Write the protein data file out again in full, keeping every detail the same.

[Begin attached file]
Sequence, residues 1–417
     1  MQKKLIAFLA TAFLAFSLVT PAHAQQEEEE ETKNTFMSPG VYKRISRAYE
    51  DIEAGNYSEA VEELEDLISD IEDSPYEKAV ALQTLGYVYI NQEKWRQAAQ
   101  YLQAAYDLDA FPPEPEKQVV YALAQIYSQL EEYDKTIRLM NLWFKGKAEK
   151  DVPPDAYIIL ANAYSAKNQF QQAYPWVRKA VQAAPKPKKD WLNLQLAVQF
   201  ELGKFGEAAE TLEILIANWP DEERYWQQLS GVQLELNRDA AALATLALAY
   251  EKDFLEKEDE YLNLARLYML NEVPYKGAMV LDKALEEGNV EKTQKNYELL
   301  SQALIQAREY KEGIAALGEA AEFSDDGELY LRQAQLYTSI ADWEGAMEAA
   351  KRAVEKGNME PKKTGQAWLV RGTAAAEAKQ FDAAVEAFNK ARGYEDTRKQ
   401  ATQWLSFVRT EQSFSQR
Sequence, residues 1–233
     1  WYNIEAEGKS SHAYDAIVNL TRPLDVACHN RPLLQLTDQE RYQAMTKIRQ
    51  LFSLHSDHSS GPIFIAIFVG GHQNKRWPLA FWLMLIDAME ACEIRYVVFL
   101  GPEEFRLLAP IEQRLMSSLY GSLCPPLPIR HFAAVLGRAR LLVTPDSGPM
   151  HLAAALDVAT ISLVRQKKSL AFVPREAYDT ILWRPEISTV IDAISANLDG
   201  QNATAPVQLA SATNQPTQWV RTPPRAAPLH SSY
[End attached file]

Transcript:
Sequence, residues 1–417
     1  MQKKLIAFLA TAFLAFSLVT PAHAQQEEEE ETKNTFMSPG VYKRISRAYE
    51  DIEAGNYSEA VEELEDLISD IEDSPYEKAV ALQTLGYVYI NQEKWRQAAQ
   101  YLQAAYDLDA FPPEPEKQVV YALAQIYSQL EEYDKTIRLM NLWFKGKAEK
   151  DVPPDAYIIL ANAYSAKNQF QQAYPWVRKA VQAAPKPKKD WLNLQLAVQF
   201  ELGKFGEAAE TLEILIANWP DEERYWQQLS GVQLELNRDA AALATLALAY
   251  EKDFLEKEDE YLNLARLYML NEVPYKGAMV LDKALEEGNV EKTQKNYELL
   301  SQALIQAREY KEGIAALGEA AEFSDDGELY LRQAQLYTSI ADWEGAMEAA
   351  KRAVEKGNME PKKTGQAWLV RGTAAAEAKQ FDAAVEAFNK ARGYEDTRKQ
   401  ATQWLSFVRT EQSFSQR
Sequence, residues 1–233
     1  WYNIEAEGKS SHAYDAIVNL TRPLDVACHN RPLLQLTDQE RYQAMTKIRQ
    51  LFSLHSDHSS GPIFIAIFVG GHQNKRWPLA FWLMLIDAME ACEIRYVVFL
   101  GPEEFRLLAP IEQRLMSSLY GSLCPPLPIR HFAAVLGRAR LLVTPDSGPM
   151  HLAAALDVAT ISLVRQKKSL AFVPREAYDT ILWRPEISTV IDAISANLDG
   201  QNATAPVQLA SATNQPTQWV RTPPRAAPLH SSY